And if you find full-face helmets really that uncomfortable, maybe you just haven’t found the right one. If you have the budget, consider super lightweight carbon helmets such as the Fox Rampage Pro Carbon. You could also consider enduro style full face helmets, such as the Fox Proframe helmet, which are less bulky than the full downhill style with more ventilation, but still strong enough for the likes of the EDR (formally known as EWS) boys and girls. Check out Morzine summer lift pass prices here.
What else should I consider when buying a helmet?
The most important thing to consider in all of this is to buy as good a helmet as you can afford. Consider MIPS, breakaway visors and easy-access cheek pads amongst your buying criteria, and of course, make sure it fits well as there’s no point having a helmet that wobbles around!
Had a big crash? Check for cracks, but to be safe, buy a new one. You don’t want to find out that you actually had a crack you just couldn’t spot when you next hit the ground.
As we mentioned at the start, if you’re driving, this issue is largely solved by having more luggage allowance. If it were us driving, we’d take both. There are certainly reasons why you would want both - fancy a quick pedal and dip in Lake Montriond? Get that trail lid out. Want to spend day 1 cruising the easy slopes as a warm-up, consider the trail lid. Setting hot laps on Pleney Mainline to claim King of Pleney? You better have brought that full face.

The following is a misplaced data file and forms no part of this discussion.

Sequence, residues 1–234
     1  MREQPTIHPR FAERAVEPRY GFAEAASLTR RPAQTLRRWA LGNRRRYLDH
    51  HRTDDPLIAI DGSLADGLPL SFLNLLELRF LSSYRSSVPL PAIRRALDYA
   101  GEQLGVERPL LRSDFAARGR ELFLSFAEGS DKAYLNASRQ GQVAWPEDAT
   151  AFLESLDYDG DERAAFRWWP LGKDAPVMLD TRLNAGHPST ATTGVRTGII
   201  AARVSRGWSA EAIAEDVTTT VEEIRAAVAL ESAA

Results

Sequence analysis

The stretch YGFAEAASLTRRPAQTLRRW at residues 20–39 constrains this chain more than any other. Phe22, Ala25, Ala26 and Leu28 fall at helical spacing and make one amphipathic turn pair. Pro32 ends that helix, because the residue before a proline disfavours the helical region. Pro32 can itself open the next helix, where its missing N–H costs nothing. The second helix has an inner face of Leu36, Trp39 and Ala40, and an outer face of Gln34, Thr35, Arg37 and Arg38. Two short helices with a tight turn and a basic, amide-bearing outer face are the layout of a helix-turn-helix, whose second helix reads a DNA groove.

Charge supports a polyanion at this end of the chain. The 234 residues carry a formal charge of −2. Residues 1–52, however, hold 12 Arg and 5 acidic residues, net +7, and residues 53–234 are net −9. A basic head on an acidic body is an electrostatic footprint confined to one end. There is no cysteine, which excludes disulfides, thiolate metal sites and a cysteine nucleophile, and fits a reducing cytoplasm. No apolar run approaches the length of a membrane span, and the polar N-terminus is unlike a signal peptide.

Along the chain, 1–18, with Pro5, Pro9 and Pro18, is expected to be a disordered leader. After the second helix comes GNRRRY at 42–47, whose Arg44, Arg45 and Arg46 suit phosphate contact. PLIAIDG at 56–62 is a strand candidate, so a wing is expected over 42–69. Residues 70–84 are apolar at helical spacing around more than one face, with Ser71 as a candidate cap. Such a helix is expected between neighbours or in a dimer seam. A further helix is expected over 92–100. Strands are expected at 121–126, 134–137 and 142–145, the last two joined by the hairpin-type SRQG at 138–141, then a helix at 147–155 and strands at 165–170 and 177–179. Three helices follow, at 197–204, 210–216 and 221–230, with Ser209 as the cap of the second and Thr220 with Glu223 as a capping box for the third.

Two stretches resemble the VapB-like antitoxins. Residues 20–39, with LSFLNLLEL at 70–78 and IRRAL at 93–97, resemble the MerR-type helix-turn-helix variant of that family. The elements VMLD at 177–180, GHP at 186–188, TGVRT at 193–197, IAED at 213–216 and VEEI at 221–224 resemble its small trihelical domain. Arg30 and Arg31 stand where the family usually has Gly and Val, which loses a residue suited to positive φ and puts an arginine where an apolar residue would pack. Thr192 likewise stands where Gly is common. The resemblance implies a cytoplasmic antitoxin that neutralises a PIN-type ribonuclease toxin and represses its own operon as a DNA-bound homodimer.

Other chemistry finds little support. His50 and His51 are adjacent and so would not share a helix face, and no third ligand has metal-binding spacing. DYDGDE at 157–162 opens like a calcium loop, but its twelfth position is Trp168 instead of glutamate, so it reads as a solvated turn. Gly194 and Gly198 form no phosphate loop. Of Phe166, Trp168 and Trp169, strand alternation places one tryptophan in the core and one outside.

If you’re concerned about baggage allowance preventing you from bringing a full face, you shouldn’t be (and we don’t mean just wear it for the flight). In our experience, a helmet bag can be brought onto a flight without eating into your cabin bag allowance. This is also the perfect place to store your goggles and gloves. While airline policy may state otherwise, so always check and satisfy yourself, we haven’t ever been stopped for carrying a helmet alongside a backpack.
And finally, bought a new helmet? Remember to drop it for the first time before riding. Always best to get that first impact with the ground out the way before your head is in it. Yes we know, it’s just superstition, but we’re creatures of habit at Atlas Ride Co - and we never say “last one” either!